- The Washington Times - Friday, November 2, 2007

ASSOCIATED PRESS

A drug dealer who 14 years ago fatally stabbed a young mother 82 times and left the bloody body in a bathtub to be found by her 1-year-old daughter was sentenced to death yesterday by a federal jury.

The death sentence for Thomas Morocco Hager, 34, of the District, is the first in Alexandria’s U.S. District Court since the federal death penalty was reinstated almost 20 years ago. Even al Qaeda terrorist Zacarias Moussaoui was spared a death penalty by an Alexandria jury in 2006 and sentenced instead to life in prison.

The Hager jury deliberated for more than two days before reaching its verdict yesterday afternoon.

The jury earlier convicted Hager on drug-related murder charges for the 1993 stabbing death of Barbara White, 19, who was found bound and gagged in the bathtub of her Fairfax County apartment.

Miss White’s daughter was not physically harmed but found her mother in the bathtub and left tiny, bloodstained footprints throughout the apartment.

Prosecutors said Hager killed Miss White because she had learned the location of a safe house where he was staying.

During the trial, prosecutors presented evidence that Hager, who was already in prison when he was charged with Miss White’s death in 2005, was responsible for four other killings in the mid-1990s.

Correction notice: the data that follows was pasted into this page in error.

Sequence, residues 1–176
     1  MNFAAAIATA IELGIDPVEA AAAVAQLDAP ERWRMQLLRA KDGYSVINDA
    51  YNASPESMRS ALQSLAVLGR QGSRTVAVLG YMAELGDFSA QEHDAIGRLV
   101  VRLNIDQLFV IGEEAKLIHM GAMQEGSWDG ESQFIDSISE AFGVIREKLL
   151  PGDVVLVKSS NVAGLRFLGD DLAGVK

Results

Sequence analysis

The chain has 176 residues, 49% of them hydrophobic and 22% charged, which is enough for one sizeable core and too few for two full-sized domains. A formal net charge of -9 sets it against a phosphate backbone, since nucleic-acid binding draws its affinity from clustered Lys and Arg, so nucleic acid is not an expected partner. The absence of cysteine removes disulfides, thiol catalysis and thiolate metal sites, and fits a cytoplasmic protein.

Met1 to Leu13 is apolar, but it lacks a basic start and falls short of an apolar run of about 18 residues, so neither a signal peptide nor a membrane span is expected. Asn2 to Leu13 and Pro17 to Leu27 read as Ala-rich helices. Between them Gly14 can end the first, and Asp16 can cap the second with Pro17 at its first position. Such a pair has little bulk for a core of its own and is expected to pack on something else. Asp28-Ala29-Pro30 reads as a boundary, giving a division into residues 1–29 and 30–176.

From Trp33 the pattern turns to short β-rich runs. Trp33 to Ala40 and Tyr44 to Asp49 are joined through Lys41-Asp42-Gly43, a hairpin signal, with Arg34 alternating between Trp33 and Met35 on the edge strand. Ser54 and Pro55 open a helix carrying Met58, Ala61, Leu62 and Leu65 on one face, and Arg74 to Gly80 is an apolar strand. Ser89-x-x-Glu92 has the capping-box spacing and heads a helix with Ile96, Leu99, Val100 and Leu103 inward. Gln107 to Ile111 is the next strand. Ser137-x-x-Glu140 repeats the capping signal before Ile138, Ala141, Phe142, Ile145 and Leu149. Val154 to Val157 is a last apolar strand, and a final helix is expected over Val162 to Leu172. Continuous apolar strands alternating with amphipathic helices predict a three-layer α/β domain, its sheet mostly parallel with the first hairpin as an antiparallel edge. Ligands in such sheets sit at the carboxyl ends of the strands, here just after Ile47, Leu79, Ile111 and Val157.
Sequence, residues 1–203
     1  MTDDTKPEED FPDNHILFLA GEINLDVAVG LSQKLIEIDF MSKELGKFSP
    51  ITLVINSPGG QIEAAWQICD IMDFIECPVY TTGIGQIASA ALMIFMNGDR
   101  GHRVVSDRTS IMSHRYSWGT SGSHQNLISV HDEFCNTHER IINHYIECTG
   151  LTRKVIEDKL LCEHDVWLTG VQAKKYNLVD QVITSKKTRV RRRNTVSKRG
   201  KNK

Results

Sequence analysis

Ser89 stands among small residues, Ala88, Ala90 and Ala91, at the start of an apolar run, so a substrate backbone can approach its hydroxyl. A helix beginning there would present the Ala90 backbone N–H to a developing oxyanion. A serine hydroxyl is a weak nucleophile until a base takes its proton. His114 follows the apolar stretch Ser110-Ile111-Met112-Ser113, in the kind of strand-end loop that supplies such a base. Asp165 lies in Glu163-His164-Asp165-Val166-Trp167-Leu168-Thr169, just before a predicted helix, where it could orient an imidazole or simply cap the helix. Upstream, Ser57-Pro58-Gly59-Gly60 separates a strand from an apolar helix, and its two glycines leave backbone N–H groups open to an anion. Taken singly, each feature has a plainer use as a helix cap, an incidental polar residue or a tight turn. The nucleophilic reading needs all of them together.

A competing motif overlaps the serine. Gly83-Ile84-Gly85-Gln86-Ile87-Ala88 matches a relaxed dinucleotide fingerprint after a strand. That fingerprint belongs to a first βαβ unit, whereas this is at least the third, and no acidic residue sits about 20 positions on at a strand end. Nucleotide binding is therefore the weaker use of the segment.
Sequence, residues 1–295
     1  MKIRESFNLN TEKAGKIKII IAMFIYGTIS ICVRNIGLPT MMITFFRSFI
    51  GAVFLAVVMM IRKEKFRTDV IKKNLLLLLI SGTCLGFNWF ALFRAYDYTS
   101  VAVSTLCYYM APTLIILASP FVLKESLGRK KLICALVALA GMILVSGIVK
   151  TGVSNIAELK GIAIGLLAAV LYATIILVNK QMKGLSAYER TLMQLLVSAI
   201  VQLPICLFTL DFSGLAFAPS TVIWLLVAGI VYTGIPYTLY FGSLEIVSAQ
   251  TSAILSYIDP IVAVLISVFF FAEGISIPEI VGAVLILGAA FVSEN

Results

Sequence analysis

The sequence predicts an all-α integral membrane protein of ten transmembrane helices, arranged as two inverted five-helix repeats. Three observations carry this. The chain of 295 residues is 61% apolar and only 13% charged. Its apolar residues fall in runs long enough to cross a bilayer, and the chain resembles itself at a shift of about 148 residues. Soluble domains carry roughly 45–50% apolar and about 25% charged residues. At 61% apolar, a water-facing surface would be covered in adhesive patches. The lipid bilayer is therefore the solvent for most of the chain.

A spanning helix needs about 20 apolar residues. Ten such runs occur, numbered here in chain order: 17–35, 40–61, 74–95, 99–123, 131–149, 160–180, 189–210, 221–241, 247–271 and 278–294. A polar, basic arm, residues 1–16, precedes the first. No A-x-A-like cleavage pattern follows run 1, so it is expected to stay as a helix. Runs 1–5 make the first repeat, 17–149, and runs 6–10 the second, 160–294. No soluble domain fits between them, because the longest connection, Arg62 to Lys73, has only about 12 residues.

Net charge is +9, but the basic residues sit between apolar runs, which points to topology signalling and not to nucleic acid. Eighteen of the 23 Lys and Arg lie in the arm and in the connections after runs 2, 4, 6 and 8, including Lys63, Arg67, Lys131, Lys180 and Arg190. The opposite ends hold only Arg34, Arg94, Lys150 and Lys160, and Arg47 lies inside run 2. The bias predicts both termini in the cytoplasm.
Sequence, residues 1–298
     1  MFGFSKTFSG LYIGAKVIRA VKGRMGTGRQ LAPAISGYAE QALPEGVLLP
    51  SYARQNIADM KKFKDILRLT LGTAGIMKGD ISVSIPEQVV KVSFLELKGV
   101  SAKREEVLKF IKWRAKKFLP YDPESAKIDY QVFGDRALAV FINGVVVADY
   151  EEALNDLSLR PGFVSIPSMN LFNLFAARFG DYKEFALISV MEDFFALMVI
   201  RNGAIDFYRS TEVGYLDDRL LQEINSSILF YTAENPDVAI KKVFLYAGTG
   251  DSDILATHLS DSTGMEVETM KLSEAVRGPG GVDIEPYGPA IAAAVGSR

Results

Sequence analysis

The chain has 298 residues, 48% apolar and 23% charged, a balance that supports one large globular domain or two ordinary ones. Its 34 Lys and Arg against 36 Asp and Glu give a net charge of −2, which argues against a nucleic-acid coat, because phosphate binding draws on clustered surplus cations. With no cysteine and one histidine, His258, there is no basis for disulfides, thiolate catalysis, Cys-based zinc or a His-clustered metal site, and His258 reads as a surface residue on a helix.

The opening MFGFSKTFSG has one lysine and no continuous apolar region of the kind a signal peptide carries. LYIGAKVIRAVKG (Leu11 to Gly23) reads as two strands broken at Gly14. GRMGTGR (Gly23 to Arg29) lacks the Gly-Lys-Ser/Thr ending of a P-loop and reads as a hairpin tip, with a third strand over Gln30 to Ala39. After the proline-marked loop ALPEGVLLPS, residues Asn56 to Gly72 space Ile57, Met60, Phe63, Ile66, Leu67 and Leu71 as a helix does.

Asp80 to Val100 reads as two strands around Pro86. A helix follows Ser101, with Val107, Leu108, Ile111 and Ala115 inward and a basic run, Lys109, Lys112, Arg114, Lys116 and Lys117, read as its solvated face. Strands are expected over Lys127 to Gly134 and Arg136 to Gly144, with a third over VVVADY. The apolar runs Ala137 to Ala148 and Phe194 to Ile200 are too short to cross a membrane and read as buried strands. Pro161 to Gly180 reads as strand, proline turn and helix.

Prosecutor Steven Mellin told the jury Hager was a remorseless killer who told his cohorts, “I could get the death penalty for this,” as he held Miss White’s body under the water.

Two men who were with Hager were convicted and sentenced to life in prison. Both testified against Hager at his trial.

Miss White’s sister, who cared for the baby girl after Barbara White’s death, testified that the girl required therapy growing up after learning of her mother’s death. After the murder, the girl developed an intense fear of baths, screaming every time she was put in the tub.

“I wish I could have done more to help her, but I was just a baby,” the daughter wrote in a note that was read during trial. “I know that in heaven she understands that.”

Defense lawyers had urged the jury to take Hager’s difficult upbringing into account. Hager grew up in a poor neighborhood in Southeast that had been devastated during the crack epidemic. Both parents were chronic drug addicts who neglected and abused their children.

Hager’s attorney, John Kiyonaga, said he was saddened by the verdict and will pursue an appeal.

Hager is the second person sentenced to death this year in Virginia by a federal jury. A jury in Abingdon, in the Western District of Virginia, sentenced Carlos Caro, a prison inmate, to death for strangling his cellmate with a bath towel after he complained that Caro has stolen his breakfast.

More than 50 prisoners sit on death row after sentencing in federal court, according to the Death Penalty Information Center. Three have been executed since the federal death penalty was reinstated in 1988, the last in 2003.

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